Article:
Tuesday, 13 July 2010

"Online trainings not so successful" - lively debate on LinkedIn


Apparently, the log might be the most effective learning technology ever invented. Read on to find out why...

There is a discussion in the group Learning, Education and Training Professionals Group on Linkedin which appears to have taken on a life of its own. With nearly 600 posts, it represents an interesting cross section of what can be quite polarised views on the success (or otherwise) of learning technology as compared to classroom methods.

Some interesting points have been made on the way, and I've also weighed in with some views along the way. Given that you have to be on Linkedin and a member of this particular group to see it, I thought I'd share my last response to a comment posted that said:

No matter how hi-tech we are or how good the CBT/Online Training is, nothing replaces the "real time" of a live instructor who interacts with the student. The relationships fostered in the classroom training session for exceeds the few dollars saved by not contracting with a live person. In the 90's, at Lifeway Resources, we spent millions on then hi-tech video training through satellite transmission. In the end, all we did was spend millions on no training. 

In the words of a great Greek teacher, "the best classroom is me seating on one side of the log with you siting on the other exchanging ideas".

Here's my response:

One-to-one tutoring and support can be highly effective. But it doesn't scale very easily. With new technologies that enable wider interactive access to expertise it is feasible for one good teacher to effectively reach a wider audience than "one". As soon as the numbers of students rise, a teacher/trainer has to juggle attention and that leads to compromise - mainly in depersonalising the learning experience.

As a result a great deal of classroom teaching/training is simply ineffective even with a good quality instructor. Unfortunately there is a shortage of good instructors, so many students' experience is reduced to just making it through the session either in a state of boredom, confusion or anxiety. That can't be right.

With the technology now at hand to many (but by no means all) of us in the world, we can reach more people with a consistent learning experience, even if it lacks some level of personalisation. That too though is changing. A well designed CBT/e-learning experience can be highly engaging, impactful and result in behavioural change, just like a well designed face to face lesson. The key is the quality of the design, not the technology or medium used.

So, yes, it is easy to waste millions on technology when the case for deployment has failed to be made. But we waste billions on a now outdated model of education/training that is hugely inefficient, de-personalises the learning experience and results in unintended behaviour changes that are of suboptimal worth to employers and society as a whole.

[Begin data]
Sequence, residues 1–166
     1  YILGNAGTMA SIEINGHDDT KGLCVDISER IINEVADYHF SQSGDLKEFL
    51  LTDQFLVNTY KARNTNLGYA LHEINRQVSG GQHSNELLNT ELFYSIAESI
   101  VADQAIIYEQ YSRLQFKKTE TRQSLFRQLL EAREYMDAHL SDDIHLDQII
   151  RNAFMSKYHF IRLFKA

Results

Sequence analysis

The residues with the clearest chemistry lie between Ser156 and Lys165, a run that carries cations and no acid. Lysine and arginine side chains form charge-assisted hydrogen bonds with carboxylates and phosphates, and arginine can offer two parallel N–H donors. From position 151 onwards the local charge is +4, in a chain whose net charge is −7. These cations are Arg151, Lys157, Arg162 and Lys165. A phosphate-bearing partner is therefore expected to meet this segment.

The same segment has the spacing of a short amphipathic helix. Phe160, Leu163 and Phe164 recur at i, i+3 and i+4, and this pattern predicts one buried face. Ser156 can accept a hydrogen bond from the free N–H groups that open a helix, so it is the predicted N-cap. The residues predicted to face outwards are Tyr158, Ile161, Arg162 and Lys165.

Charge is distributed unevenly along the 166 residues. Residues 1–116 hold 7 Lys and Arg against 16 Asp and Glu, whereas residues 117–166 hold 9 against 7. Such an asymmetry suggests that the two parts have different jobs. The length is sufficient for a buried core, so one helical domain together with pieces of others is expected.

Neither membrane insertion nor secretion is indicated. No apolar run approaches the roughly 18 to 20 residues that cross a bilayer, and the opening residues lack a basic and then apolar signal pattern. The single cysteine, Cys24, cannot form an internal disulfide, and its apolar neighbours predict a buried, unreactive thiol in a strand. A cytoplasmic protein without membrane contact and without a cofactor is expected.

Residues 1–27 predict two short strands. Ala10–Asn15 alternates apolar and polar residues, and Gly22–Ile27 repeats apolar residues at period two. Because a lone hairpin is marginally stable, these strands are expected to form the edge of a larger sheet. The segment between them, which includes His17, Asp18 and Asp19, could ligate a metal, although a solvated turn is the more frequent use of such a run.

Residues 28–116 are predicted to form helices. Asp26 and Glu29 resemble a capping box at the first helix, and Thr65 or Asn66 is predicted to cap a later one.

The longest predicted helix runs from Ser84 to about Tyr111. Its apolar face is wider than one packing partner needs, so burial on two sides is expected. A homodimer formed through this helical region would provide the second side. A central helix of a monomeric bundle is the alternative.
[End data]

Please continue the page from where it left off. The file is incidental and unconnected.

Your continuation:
We can - and should - think more deeply about how we change. As change we must if learning and development professionals (and educators for that matter) are to remain relevant in the future.

While a log would do for the Greeks centuries ago, I'd say the internet - and all the great array of interaction and collaboration it brings us - is the long overdue upgrade. Indeed the great teacher of the future might say:

"the best classroom is me sitting on one side of the blog with you sitting on the other exchanging ideas. In fact, why sit? We can exchange ideas any time, any where."

Actually, they probably wouldn't even use the word classroom at all...

What do you think?

4 comments:

John Zurovchak said...

Lars,

Excellent rejoinder to the post extolling the virtues of the log. In particular, I loved your closing point about exchanging ideas around a blog.

I would tend to agree with you that while a one-to-one log experience has a great deal of value, it is simply not scalable. So even the log became ineffective when more than the optimal number of students (and I'm not even sure what that optimal number is) gathered around the log to hear the instruction.

As you pointed out, technology can help or hinder instruction, but there are so many more tools at our disposal today that help to address the scalability issue and to reinforce instructor interaction.

Well stated.

andy said...

Online collaborating and teaching can work, If you have trust and the right tools.
I recently tried http://www.showdocument.com - good app for uploading documents and working on them in real-time.
Most file types are supported and it needs no installation. - andya

L&D guy said...

Hi Lars,
Completely agree with your point that it's more about the quality of the content than the medium, and also about the scalability of face-to-face.

From experience (as creator and recipient), it's immeasurably harder to create engaging and effective online content than face-to-face. Amateur F2F content is typically more effective than professional electronic content.

If you have any freely available examples of well-constructed online content, I'd be really interested to see them. My approach as a head of Learning for a very international company has recently been to concentrate on increasing the number of trainers on one side of the log, to match the number of learners on the other.

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